Here at the public library, I just overheard a remarkable conversation.
A middle-aged woman with a couple of kids and a slightly older gentleman were sitting at adjacent computers. The woman was earnestly explaining that the Church does not consist of a building, but of people. She also said something I didn’t catch about the Rapture (the belief that when Jesus returns all true believers will be taken up to meet him in the clouds).
The man disagreed and said, “What I’ve been told is…”
Do you ever feel like you’re working harder and harder just to afford all the stuff that you need because you’re working harder and harder? You work your butt off all week to achieve the American Dream of home ownership and now you must work your butt off on the weekends mowing the lawn in the summer, and wake up early to shovel snow off the driveway in the winter.
Apparently this is nothing new. According to Sapiens: A Brief History of Humankind, our transition from hunter-gatherers to farmers resulted in just that sort of unintended consequence.
The structure of the world is shot through with a sublimity so sublime that it simply had to exist. …
The sublimity that had to burst into existence is not one that particularly concerns itself with us. Such a human-centered goodness would not pack the ontological wallop required to bring forth existence. (Plato at the Googleplex, pages 385-389.)
I like that phrase “the ontological wallop required to bring forth existence.” I’ll return to it in a moment. First, let’s look at a pretty picture.
When you were a kid, I’m sure you wished for a superpower. Aside from the obvious ones, like the ability to fly, the superpower I wanted most frequently was to be able to extend my reach across a room without getting up. This was in the days before remote controls for TV, if you can believe there ever was such a time!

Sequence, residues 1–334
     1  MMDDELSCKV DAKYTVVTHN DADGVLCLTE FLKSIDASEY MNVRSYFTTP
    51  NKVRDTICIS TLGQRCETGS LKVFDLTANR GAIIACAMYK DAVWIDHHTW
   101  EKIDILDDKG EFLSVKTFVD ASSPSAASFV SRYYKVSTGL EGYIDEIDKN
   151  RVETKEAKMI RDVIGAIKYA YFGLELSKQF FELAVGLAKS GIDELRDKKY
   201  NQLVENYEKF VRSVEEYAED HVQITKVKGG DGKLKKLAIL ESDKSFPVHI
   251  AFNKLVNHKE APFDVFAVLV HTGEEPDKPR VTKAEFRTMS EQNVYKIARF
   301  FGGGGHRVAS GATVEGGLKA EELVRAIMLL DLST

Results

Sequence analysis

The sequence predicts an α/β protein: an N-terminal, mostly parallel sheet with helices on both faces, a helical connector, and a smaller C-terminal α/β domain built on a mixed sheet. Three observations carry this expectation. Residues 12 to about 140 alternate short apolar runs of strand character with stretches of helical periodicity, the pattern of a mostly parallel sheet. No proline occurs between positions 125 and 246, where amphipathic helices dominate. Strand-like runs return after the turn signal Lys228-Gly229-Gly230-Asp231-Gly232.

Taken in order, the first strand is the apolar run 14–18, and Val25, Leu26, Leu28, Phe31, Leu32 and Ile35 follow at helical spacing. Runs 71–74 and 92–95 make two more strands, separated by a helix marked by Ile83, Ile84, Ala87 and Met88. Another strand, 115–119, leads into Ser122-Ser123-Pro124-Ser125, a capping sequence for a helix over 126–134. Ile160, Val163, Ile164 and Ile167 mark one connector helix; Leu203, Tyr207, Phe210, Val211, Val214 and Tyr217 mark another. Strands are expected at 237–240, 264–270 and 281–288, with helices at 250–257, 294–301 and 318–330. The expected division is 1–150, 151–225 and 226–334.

During the current presidential election cycle, I’ve added another superpower to my wish list: the ability to convince people of my political opinions. That leads to the question that is the subject of this post.
Which of these superpowers is best?
- The ability to control other people’s thoughts so they agree with us.
- The ability to make the most sound argument possible for our views, even if our audience won’t necessarily be persuaded.
To philosophize is to prepare to die. Or, to truly take your life with the seriousness that philosophy demands, you can’t take your life all that seriously. (Plato at the Googleplex, page 303)
What is that about? If I’m so serious-minded that I’m preparing to die, aren’t I taking life pretty darn seriously?
I’m a few days late to the party, but today I found myself rereading Frederick Douglass’s magnificent oration, What to the Slave is the Fourth of July? As with all great texts, you come away with something different each time you read it. Last time, its applicability to LGBT rights struck me. This time, I noticed his closing thoughts on the positive ways the world is changing.
Writing 164 years ago, he noticed trends which have happily extended to this day. They are some of the same themes Stephen Pinker sounded in one of my favorite books, The Better Angels of Our Nature: Why Violence Has Declined.
For your encouragement, and without further comment, I turn this post over to Frederick Douglass:
Why do we think something is beautiful?
Imagine looking at a canvas painted solely in your favorite color. For me, that would be orange. I might think, “That is a really beautiful orange. There’s something complex in it — some depth.”
But even though the painting was 100% my favorite color, I’d probably like some other colors nearby as well, right? I once saw this installation, titled 24 Colors — for Blinky at the Dia:Beacon museum.